Saturday, January 20, 2018

My thoughts on increasing taxes on electricity and petrol for promoting sustainability

This is regarding a statement I saw in a survey where we had to agree or disagree:

"I would oppose policies that increase taxes on electricity and petrol because they make them more expensive for me."

I felt the part "because they make them more expensive for me" disabled me from agreeing or disagreeing, because now the statement assumes there can only be one reason for opposing such policies : that if I don't support them then it is automatically assumed I am selfish.

I'd like to explain my thoughts on it here.

The original purpose of taxation, when invented, was to fund the various governmental mechanisms needed to ensure smooth functioning of society. Example: transport, law and order, public infrastructure, education, healthcare services. The purpose of taxation was not to discourage use of said service. Tariffs and duties were used, of course for that.

At a macro level, there are many arguments against increasing taxation, saying that money collected by force only ends to doing harm, that the people collecting more taxes don't really have our best interests in mind, that forcing people into something increases the likelihood that they will act to damage it.

Even while keeping all the ills of capitalism in mind, Socialist policies of infinite government expansion haven't been so good either, and their combination that we see today is even worse (subsidies and cheap credit for the rich, burdensome regulations for the small entrepreneurs, and poorer part of population paying more taxes than richer part). History is witness to the fact that many things are too inefficiently and insensitively done by putting governments in charge of everything. Taxing our way out of problems has not really worked out as theorized, because it assumes that those collecting the taxes are Gods or Angels.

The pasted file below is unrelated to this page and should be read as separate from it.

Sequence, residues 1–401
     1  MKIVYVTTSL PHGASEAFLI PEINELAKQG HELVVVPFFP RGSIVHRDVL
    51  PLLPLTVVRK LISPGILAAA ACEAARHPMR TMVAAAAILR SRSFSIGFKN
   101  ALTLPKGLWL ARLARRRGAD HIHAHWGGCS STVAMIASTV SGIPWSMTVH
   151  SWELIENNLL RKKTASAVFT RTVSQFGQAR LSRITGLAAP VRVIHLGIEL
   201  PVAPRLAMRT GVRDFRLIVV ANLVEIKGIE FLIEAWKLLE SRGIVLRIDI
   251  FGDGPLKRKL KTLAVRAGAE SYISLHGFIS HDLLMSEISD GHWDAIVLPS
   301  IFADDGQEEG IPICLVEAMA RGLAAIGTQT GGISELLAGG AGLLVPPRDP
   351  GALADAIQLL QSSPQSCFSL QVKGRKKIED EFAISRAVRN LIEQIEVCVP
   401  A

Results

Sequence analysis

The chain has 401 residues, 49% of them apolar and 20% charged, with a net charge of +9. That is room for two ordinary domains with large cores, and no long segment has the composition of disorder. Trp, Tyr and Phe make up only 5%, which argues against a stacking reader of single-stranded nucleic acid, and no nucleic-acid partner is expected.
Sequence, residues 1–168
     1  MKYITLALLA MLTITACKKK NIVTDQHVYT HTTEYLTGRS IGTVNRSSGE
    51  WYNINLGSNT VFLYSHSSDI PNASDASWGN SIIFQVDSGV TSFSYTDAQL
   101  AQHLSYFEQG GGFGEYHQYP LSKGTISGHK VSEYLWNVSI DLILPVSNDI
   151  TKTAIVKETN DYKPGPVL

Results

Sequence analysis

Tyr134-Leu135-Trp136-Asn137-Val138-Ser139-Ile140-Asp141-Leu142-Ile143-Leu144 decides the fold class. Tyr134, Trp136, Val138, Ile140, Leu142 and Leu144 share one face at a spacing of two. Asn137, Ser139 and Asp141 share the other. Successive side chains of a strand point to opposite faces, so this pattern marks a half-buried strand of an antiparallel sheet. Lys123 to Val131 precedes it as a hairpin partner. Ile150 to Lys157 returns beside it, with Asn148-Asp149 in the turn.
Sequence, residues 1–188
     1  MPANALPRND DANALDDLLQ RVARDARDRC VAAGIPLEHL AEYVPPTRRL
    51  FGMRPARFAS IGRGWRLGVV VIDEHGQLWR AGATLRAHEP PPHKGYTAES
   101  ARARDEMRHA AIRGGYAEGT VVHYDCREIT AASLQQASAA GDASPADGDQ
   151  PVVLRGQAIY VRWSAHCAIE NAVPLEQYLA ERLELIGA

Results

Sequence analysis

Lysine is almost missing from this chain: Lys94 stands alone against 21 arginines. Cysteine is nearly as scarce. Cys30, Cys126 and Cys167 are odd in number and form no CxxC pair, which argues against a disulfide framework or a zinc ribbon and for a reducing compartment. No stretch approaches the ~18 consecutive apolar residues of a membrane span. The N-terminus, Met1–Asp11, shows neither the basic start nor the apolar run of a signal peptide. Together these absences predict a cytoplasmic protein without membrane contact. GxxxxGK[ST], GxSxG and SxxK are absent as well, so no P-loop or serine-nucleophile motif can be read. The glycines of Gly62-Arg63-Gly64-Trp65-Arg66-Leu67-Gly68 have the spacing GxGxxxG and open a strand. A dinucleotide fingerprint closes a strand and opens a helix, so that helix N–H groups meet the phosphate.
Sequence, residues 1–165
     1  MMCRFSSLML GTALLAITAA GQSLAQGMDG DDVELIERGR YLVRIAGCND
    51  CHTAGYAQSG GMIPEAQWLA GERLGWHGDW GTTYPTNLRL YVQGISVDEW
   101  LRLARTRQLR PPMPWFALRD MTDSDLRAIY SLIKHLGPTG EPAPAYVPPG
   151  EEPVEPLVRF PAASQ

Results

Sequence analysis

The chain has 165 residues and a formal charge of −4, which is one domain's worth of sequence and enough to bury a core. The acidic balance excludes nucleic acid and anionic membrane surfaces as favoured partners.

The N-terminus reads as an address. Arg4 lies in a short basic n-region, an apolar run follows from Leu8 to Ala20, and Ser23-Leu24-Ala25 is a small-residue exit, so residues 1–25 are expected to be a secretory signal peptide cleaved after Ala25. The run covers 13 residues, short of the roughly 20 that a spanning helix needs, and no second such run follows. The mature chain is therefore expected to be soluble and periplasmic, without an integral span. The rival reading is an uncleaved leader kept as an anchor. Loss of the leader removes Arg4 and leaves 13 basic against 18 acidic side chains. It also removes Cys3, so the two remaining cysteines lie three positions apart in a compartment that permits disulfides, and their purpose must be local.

In the case of India, recollect the various reportings of massive funds collected by the government for clean energy, environmental work etc lying unspent for long time, and/or redirected into something else totally (like GST reimbursements recently)

In a research project on Pune's Budget data, we found that a large part of expenditures being done under some green label turned out to be unsustainable things like cementing the banks of rivers, streams, canals : a move that kills biodiversity, prevents water retention, increases runoff and leads to floods. Rather, our team felt that if those funds had been directly given to local citizens bodies who actually live there, they would have taken far better decisions and promoted sustainability.

Another problem with taxing essentials (as of today) like electricity and petrol is that you end up burdening everybody, and the people living more sustainably are far more burdened than the people living unsustainably. There is a compounding effect on costs of living. Raising a rupee here will have a 10-fold impact elsewhere.

Another major effect of taxation is a reduced sense of responsibilty. Because I am already being taxed "for sustainability", I will opt for styrofoam or plastic plates etc to cut costs. If I'm paying a swachh bharat cess then I don't care about segregating my waste. My sense of civic duty towards a cause is reduced when you're already pulling money out of my pocket for that cause (and then ending up not doing much good as highlighted above). (Note: I'm just putting myself in the shoes of people around me here)

So, I would say that if we cannot guarantee proper accountability and transparency of our government (which, frankly, we cannot), then it is a bad idea to promote taxation of electricity, petrol and other such baseline things as a way to promote sustainablity. I fully support taxing jewellery (update : GST on diamonds slashed to 0.25%, on biofuel buses to 18%. See the priorities of our leaders? ), imported cars, liquor, cigarettes and stuff through the roof, sure, but let's call it "duty" or "tariff" and not call them taxes. There are more chances of citizens voluntarily putting money into sustainability causes if it stays in their pockets instead of being fleeced out by overbearing governments. Between placing my faith in citizens or government, I choose citizens. I'd rather have folks like Azim Premji creating places like APU than getting taxed out only to fund river cementing :P